US Ratches up Imperialist Strategy

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In the wake of Stalinism's collapse, the end of the XX century was celebrated by the dominant class all around the world as the beginning of a new era of peace and prosperity in the life of capitalism. The disappearance of the division of the world in two major imperialist blocs was supposed to end the bloodshed and the potential thermonuclear obliteration of human beings and any other form of life in the planet. The chronic state of economic crisis and the poverty suffered by most of humanity was said to be finally on the way to being resolved thanks to economic globalization and other marvels of democratic capitalism.

History itself has already proven the worthlessness of these projections. Imperialist wars and chronic economic crisis are a permanent feature of decadent capitalism. They are scourges to which the dominant class has no solution. In the last years, rather than disappearing, imperialist conflicts end economic disasters are reaching dramatic levels all over the world.

At the level of the economy, all major industrialized countries are facing open recessions, while the so-called developing nations, capitalism's weakest sector, are moving from one economic catastrophe to the next, facing ever growing difficulties to keep their heads above water.

At the level of imperialist conflict, the challenge of the US hegemony and the battle of the American bourgeoisie to maintain its world dominance are more and more spreading war and political instability around the world.

In this context of growing barbarism one of the most important elements in the current international situation at the level of imperialism is, undeniably, the American bourgeoisie's growing awareness and adjustments of its imperialist strategy to the realities and needs of the present historical situation. The US flexes its military muscle

These adjustments to its strategy, to judge by the "debates" and dissensions that we have witnessed among the bourgeoisie in the last 10 years, has not been an easy process. For instance, Mr. Bush the elder lost his chance for reelection to a second term because of his administration's hesitations in the face of the disintegration of Yugoslavia and the ensuing Balkans wars. And, as we pointed out several years ago, the real root of the scandals that plagued the Clinton administration was the divisions on imperialist policy within the American bourgeoisie, in particular vis a vis the Chinese question. Nonetheless, whatever their divisions, the dominant fraction of the bourgeoisie has already managed to put in practice a strategy of which the planned invasion of Iraq is one of its latest manifestations.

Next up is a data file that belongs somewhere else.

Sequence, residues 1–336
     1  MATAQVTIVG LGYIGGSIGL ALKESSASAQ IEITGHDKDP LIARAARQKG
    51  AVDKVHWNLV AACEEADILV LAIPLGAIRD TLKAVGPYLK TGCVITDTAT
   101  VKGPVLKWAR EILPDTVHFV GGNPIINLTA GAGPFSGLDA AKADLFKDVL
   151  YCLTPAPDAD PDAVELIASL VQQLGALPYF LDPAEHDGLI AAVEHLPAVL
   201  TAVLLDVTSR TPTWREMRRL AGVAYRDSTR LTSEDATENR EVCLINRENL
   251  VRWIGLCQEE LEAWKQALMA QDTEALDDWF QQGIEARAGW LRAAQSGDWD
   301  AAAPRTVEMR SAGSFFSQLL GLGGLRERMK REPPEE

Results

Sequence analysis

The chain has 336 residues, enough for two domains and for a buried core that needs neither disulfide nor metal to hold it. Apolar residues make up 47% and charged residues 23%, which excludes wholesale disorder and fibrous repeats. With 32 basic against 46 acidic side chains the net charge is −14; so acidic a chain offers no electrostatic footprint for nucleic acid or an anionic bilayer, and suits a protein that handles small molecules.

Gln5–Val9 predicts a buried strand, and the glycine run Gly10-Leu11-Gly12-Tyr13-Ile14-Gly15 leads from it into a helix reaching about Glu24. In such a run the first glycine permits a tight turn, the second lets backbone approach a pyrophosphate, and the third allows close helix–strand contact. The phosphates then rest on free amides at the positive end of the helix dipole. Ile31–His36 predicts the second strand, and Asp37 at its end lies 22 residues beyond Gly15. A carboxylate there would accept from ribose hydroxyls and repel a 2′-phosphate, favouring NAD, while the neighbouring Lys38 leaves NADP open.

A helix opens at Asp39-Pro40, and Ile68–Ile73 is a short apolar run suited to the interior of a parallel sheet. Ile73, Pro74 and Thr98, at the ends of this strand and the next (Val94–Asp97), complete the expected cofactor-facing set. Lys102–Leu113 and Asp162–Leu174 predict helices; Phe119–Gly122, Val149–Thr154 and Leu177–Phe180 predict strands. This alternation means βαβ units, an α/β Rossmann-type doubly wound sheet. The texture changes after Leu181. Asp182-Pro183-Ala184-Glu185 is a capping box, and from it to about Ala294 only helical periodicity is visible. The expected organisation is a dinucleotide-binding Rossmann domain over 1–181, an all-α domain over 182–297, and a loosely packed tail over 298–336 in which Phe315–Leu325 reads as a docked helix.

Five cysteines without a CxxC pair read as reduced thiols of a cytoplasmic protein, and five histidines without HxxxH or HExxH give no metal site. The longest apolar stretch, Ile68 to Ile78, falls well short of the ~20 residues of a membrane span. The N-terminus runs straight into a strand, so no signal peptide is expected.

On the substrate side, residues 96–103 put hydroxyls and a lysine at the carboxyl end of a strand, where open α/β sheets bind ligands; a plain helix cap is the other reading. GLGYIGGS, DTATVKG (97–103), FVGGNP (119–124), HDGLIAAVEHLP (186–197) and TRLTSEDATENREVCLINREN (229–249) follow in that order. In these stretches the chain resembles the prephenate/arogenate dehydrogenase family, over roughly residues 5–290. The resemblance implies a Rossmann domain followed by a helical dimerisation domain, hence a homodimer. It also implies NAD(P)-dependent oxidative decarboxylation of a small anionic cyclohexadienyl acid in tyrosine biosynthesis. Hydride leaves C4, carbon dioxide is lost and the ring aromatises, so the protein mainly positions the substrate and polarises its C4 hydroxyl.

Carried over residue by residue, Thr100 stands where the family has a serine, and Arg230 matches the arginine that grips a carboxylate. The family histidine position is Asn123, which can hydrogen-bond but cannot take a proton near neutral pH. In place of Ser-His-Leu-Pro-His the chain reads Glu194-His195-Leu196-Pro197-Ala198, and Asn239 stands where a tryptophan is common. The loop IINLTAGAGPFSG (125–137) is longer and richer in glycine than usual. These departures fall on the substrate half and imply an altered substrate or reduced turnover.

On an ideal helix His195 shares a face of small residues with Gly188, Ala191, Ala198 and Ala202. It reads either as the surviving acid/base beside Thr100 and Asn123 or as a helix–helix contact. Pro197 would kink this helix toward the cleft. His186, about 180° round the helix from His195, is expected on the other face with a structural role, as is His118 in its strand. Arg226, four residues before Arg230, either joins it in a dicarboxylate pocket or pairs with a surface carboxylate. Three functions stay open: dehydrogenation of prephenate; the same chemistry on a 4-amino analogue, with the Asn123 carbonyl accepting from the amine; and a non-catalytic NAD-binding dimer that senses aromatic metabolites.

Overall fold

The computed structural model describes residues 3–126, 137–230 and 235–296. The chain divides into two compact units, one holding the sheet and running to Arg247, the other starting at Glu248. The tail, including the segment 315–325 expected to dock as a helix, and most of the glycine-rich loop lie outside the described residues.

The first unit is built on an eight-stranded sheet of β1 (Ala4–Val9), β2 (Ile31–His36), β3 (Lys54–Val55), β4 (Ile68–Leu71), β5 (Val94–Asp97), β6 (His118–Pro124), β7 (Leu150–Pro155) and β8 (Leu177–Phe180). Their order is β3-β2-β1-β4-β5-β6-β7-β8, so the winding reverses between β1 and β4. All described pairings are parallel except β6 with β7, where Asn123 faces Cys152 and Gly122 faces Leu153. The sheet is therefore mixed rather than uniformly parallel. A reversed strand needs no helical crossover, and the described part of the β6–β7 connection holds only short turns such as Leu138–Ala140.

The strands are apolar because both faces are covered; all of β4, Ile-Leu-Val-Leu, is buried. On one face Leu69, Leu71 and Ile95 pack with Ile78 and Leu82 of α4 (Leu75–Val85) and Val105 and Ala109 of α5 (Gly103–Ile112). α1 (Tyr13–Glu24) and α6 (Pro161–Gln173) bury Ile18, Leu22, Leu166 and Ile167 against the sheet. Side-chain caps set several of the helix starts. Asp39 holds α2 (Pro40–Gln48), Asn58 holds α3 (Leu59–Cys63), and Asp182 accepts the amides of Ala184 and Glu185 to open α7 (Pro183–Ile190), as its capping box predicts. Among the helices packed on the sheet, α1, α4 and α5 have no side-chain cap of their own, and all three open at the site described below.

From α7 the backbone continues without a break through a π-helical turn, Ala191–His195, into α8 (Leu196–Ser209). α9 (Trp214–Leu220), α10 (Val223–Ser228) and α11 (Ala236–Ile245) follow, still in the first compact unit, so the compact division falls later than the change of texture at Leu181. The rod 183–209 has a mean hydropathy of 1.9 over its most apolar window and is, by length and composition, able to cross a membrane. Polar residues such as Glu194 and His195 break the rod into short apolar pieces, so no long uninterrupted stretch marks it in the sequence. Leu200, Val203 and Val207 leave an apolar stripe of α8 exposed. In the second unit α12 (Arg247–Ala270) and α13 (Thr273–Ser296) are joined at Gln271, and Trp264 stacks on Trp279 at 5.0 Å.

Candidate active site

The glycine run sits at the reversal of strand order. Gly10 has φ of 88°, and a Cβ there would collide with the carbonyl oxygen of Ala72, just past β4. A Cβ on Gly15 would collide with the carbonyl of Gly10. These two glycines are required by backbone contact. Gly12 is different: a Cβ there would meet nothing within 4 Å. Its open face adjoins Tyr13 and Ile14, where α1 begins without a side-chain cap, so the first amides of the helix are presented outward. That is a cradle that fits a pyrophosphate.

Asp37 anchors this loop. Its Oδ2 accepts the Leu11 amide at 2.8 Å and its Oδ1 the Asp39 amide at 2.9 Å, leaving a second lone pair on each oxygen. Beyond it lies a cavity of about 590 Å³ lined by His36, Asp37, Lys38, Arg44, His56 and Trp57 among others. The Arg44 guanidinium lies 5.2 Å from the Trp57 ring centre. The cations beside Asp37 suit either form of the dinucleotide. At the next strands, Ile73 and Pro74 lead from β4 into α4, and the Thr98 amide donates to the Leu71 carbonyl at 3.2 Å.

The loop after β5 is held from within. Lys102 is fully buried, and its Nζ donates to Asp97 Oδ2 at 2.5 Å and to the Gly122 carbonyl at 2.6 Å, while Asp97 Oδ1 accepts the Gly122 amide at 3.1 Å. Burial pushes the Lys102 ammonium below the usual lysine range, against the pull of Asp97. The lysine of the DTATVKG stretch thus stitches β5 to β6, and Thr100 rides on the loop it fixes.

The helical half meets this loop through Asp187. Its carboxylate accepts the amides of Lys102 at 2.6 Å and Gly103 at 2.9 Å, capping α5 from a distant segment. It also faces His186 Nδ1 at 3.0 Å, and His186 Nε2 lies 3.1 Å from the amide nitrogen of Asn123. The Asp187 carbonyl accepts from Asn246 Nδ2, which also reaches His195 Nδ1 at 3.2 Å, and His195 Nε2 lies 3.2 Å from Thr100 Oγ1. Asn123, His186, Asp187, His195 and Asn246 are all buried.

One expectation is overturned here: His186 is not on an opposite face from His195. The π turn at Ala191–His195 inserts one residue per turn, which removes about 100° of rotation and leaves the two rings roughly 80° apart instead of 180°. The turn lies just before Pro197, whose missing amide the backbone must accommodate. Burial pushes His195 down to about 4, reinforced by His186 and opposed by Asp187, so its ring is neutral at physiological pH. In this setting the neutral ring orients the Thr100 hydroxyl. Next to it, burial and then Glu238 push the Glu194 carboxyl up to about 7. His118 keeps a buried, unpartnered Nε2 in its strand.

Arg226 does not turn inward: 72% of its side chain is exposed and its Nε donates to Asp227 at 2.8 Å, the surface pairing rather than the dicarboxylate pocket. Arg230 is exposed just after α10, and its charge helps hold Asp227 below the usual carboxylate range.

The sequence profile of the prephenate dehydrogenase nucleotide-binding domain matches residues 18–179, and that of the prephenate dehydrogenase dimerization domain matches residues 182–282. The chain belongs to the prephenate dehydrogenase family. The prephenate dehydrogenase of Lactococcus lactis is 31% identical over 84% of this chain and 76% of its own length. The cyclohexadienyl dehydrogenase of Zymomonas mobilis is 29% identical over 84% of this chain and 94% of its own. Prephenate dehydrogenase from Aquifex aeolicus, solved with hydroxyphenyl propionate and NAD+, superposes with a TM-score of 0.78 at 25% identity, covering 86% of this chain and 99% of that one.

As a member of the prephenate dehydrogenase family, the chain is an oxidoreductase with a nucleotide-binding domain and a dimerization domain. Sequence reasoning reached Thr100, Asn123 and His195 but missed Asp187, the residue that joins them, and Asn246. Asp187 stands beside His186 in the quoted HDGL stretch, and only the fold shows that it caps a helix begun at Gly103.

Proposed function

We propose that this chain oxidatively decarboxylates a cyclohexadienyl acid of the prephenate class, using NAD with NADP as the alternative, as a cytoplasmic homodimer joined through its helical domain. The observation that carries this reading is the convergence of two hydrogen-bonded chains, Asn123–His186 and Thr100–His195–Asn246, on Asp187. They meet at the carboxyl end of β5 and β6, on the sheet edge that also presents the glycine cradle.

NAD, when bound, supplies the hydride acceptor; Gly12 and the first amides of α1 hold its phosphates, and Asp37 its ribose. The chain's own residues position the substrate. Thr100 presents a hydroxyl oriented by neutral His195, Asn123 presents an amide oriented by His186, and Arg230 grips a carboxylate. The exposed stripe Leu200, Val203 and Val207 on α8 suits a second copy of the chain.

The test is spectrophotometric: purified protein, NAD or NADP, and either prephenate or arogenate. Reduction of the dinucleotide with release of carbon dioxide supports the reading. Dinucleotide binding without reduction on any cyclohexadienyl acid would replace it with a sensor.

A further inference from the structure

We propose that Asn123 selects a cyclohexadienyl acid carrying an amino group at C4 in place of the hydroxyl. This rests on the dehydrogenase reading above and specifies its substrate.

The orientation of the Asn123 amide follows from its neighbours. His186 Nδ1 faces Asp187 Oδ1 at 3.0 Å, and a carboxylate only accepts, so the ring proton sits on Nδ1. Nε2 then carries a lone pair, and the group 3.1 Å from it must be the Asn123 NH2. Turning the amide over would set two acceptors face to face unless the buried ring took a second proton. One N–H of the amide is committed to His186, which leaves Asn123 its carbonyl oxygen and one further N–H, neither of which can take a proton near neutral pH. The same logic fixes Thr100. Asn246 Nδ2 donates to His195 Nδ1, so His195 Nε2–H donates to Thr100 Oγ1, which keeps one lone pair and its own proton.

This strategic orientation aims to maintain the status quo in the world, i.e. American hegemony, and has, according to the bourgeoisie itself, the following elements:

A Commitment to Maintain a Uni-Polar World in Which the United States Has No Peer Competitor: Already at the end of the first Bush administration, Assistant Secretary of Defense Paul Wolfowitz made this goal clear when he wrote that with the collapse of the Soviet Union, the US must act to prevent the rise of peer competitors in Europe and Asia. And as Mr. Bush the son declared last July: "America has, and intends to keep, military strengths beyond challenge-thereby making the destabilizing arms races of other eras pointless, and limiting rivalries to trade and other pursuits of peace." The same idea affirming that the US will never allow its military supremacy to be challenge the way it was during the cold war, was recently expressed again by Bush: "the president has not intention of allowing any foreign power to catch ch up with the huge lead the US has opened since the fall of the Soviet Union more than a decade ago" as printed in "The National Security Strategy of the US." The esence of this policy is nothing else but the decleared intention of the American bourgeoisie to do all that it can to prevent the arising of a strong competitor around which a new imperilaist bloc could eventually be formed.

A Commitment to Stay On the Offensive: According to this, the old cold war era concept of deterrence is totally outdated. This is the context in which the so-called doctrine of the preemptive strike is being discussed, and which is behind the new drive to relocate troops around the globe, as well as the efforts to gain direct control of strategic regions of the world. As Mr. Bush put it, "the military must be ready to strike at a moment's notice in any dark corner of the world. All nations that decide for aggressions and terror will pay a price."